Let’s celebrate the can, not the cannot 

Thirteen long weeks and counting! A time of great sadness as loved ones are mourned, of disappointment and frustration as anticipated days with family or friends have been lost, never to be retrieved. 

It has been punctuated by the love of those close, yet at a distance, of a first meet up with family and yet at two broomsticks’ length, from a two-year old grandson who reaches out for a helping hand that you can’t give. It’s heart breaking. Right now, I just want to meet ‘normally’ with my children and grandchildren and to meet informally with friends. 

At last there is a glimmer of the new future. Parks and gardens have thrown wide their gates, and non-essential shops are opening, but with socially distanced queues and floors criss-crossed with tape, inviting one to play hopscotch? 

I gaze at my diary that now records the past, rather than planning the future. It still records the WI summer that would have been, with dates crossed out only as I reach them, just in case. I live in hope. 

But there have been glimpses of normality. A socially distanced chat with SWIN editor June, in her beautiful garden, under the apple tree in much welcomed mizzly rain; long and wide ranging telephone conversations with Sheena, our Federation Treasurer, whom I have come to know so well, as we set both the WI and the world to rights. We have be- come much closer friends than we were pre- Covid. 

I am minded to reflect, although it’s quite hard to, on the benefits of the lockdown. The UK has been over 60 days with coal-free power production. One rotation of a wind turbine now produces enough to power a house for a day. 

How I long to see those great giants off Cromer, to hear the roar of the waves and swim in the sea. We are growing more and making-do-and-mending all manner of things. Many have re-engaged with the earth, whether it be a new allotment (Betty Dominy I am in awe!) or salad leaves on a window sill. At home, bottles have replaced plastic as we engaged a milkman, and car mileage is non- existent.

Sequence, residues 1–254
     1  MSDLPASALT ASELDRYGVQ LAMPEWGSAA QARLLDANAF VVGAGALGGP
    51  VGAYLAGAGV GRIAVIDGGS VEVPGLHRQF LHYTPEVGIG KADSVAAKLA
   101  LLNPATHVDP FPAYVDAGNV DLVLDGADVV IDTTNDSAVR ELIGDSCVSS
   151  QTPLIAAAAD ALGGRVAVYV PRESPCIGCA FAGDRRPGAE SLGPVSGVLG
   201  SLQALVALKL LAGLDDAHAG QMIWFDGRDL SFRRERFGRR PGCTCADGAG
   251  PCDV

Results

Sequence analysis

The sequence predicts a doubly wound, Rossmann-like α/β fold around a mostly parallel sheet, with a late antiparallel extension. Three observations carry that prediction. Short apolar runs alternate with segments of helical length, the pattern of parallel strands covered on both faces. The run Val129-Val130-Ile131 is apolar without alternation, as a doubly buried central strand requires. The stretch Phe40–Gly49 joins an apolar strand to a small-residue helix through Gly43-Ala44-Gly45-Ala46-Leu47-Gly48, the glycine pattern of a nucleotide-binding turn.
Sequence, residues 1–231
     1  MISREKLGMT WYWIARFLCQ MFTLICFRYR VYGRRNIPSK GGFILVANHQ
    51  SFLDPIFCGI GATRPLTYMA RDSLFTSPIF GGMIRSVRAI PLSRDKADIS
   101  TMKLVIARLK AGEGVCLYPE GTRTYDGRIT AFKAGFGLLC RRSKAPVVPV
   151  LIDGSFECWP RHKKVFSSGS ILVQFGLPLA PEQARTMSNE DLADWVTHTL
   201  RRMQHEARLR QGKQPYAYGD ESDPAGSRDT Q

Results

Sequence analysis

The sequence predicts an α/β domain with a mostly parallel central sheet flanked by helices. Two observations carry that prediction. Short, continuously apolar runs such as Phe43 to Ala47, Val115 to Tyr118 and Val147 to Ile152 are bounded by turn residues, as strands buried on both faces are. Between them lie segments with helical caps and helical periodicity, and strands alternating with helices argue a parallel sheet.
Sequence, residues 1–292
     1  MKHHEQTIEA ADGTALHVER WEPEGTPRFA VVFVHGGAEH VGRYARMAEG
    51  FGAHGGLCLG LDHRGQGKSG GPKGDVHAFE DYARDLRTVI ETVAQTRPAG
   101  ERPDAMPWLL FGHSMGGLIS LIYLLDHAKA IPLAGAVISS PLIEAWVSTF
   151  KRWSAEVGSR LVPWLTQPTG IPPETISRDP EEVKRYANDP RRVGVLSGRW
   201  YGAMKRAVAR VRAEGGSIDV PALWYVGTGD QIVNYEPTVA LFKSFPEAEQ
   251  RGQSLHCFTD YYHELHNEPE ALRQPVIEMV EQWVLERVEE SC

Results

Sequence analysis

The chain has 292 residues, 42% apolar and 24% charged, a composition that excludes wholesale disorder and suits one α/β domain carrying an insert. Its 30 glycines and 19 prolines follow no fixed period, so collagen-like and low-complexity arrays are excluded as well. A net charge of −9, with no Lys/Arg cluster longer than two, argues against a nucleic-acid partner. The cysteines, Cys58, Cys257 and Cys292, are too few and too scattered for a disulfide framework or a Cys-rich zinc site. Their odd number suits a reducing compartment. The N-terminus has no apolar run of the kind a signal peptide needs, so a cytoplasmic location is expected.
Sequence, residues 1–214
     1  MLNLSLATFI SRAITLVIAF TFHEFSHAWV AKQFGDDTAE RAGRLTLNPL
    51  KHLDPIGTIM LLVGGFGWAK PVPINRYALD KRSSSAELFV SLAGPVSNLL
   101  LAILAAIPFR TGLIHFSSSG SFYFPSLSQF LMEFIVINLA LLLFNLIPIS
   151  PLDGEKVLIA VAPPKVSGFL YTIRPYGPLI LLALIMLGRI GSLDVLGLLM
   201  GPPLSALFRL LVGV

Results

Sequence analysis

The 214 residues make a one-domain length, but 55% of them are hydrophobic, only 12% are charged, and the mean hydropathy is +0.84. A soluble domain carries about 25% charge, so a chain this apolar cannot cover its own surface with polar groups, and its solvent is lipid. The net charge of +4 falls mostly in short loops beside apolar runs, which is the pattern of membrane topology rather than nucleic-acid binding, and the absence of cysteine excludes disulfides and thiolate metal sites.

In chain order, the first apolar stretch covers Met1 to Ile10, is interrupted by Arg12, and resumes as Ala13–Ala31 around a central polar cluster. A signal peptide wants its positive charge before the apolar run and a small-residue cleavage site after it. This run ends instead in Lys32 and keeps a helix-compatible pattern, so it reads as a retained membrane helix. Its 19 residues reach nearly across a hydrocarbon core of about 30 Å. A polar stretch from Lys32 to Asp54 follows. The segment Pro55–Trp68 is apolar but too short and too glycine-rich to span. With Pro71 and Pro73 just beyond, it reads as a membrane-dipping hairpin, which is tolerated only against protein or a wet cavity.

But there have been unanticipated negatives. As we move into ‘Single-Use Plastic Free’ July, a global movement, supported by the Federation, there has been an increase in the use of single-use plastics, with increased numbers of take away meals, disposable face masks falling from overflowing bins, rubbish scattered at beauty spots and on beaches, left to disintegrate and to pollute water courses and seas, as people have been re- leased. 

What can we do to make a difference? Challenge yourself with the ‘Single-Use Plastic Free Bingo’, announced in the June edition and repeated on Page 9 of this one. Small changes can make a big difference. Challenge your fellow WI members, Zoom it. Even trustees play Zoom bingo, with Toto James as caller! I have already hidden my clingfilm, a great incentive to find alternatives. 

As the girth is slackened and we get back into the saddle, let’s take up the reins of life, to celebrate what we can do, rather than what we cannot. 

Let’s look forward to the second half of 2020. There is plenty of time yet to enjoy WI Life, even if in a different way. Let’s plan for the now, a socially distanced afternoon tea or walk, a picnic lunch outdoors or an open-air book club. But most of all, let’s celebrate that which is central to the WI — friendship. The thing that has kept us going through these long weeks and has made life worth it. Long live the WI! 

Carol Gartrell, Chairman

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